Hailing from Germany, Bit’s is a side project from S.Y.P.H.’s guitarist Uwe Jahnke and drummer Ulli Putsch. They play an experimental hybrid of jazz, electronica, ambient, and krautrock, similar in ways to contemporary bands like San Francisco’s Mushroom, although the recordings on this album date back to the early 80’s. Amazing really, considering that before I read that little tidbit of information, I would have easily said this album was entirely contemporary sounding. Having worked in alternative college radio back during this period, I can tell you the recordings on this album sound nothing like what was going on at the time they were produced. Bit’s was obviously way ahead of everyone else.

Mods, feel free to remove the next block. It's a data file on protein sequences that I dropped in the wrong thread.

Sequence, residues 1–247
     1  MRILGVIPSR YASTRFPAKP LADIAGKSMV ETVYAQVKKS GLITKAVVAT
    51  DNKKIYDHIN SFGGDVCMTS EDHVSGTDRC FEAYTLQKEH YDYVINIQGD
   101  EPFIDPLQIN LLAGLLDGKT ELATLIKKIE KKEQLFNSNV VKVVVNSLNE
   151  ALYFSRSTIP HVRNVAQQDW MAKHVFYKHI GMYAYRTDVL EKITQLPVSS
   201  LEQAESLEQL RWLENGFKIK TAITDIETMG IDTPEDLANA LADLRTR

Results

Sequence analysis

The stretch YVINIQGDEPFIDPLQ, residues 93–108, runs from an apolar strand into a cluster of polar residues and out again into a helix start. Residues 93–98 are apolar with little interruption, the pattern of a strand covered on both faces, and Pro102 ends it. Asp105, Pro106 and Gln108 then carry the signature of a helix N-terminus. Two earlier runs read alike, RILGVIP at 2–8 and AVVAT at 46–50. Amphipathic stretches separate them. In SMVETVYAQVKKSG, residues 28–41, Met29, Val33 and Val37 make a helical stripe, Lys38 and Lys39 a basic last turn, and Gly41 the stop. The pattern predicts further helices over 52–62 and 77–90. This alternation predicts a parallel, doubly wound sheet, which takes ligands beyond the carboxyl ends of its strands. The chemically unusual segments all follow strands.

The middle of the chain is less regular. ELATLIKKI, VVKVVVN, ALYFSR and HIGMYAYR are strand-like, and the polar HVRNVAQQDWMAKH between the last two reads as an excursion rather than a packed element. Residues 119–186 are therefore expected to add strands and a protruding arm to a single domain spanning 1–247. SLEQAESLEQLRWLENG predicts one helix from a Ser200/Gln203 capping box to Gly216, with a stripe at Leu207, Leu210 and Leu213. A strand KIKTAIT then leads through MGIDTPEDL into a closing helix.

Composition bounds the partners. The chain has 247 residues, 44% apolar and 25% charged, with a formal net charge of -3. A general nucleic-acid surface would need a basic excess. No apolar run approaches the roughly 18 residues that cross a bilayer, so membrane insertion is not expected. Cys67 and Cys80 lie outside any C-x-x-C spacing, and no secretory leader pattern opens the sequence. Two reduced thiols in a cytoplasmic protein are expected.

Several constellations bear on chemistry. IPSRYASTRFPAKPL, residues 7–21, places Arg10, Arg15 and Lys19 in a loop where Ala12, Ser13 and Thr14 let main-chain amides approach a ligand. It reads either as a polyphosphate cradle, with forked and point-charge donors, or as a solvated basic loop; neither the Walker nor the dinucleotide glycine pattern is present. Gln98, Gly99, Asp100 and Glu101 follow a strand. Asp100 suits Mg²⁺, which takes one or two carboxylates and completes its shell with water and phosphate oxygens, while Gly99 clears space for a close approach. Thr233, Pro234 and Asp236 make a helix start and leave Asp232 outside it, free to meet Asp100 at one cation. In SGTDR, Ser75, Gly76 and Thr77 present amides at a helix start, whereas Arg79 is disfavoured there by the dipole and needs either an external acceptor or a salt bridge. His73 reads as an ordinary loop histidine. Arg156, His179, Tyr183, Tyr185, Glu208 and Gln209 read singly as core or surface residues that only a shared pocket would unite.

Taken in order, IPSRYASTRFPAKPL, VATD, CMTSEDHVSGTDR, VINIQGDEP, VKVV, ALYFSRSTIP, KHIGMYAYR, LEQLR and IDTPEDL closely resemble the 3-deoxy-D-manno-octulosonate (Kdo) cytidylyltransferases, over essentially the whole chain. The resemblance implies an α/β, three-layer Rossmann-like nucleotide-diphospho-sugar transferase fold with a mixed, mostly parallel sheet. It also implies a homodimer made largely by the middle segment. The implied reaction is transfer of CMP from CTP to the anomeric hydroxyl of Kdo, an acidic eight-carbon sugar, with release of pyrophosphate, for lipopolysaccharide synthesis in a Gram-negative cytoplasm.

Not surprising, since the first four tracks (originally from a maxi-single released in 1982) were produced by Can’s Michael Karoli. Karoli even lends some excellent psychedelic guitar licks to the second track, first Byte. The album is often dark and moody, and resonates with a late night vibe and an experimental edge. Synthesizers are used only lightly, the electronica feel coming more from the steady drum beats and motorik rhythms that propel the music. Around those beats and rhythms weave edgy guitar, dark piano, broodingly funky bass, and occasional, understated vocals. The opening track, Two byte, throws a bunch of murky samples into the mix as well, but this isn’t the general trend of the album, or even of the three other Micheal Karoli produced pieces. The only track that sounds remotely of its time is, perhaps, the upbeat rocker Speed. But the 80’s sounding synth lines actually add a sort of nostalgic appeal, and work well with the searing guitar making this one of the catchiest tracks on the album. The album closes with a tasty space jam full of freaky guitar effects and swirling synths in the form of Can beee, and as its title suggests, this track especially, and the rest of the album as well, will no doubt appeal to fans of the more rhythm based Krautrock styles, like those created by Can in their heyday.